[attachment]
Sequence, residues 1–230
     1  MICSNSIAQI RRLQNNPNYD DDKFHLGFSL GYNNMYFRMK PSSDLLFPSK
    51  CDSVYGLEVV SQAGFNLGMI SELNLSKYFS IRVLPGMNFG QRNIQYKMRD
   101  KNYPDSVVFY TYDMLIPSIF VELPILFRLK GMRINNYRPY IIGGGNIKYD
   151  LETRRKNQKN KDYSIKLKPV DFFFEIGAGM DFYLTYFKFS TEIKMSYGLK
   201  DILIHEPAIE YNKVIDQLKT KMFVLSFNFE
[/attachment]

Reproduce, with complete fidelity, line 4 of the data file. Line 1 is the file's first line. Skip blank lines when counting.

   101  KNYPDSVVFY TYDMLIPSIF VELPILFRLK GMRINNYRPY IIGGGNIKYD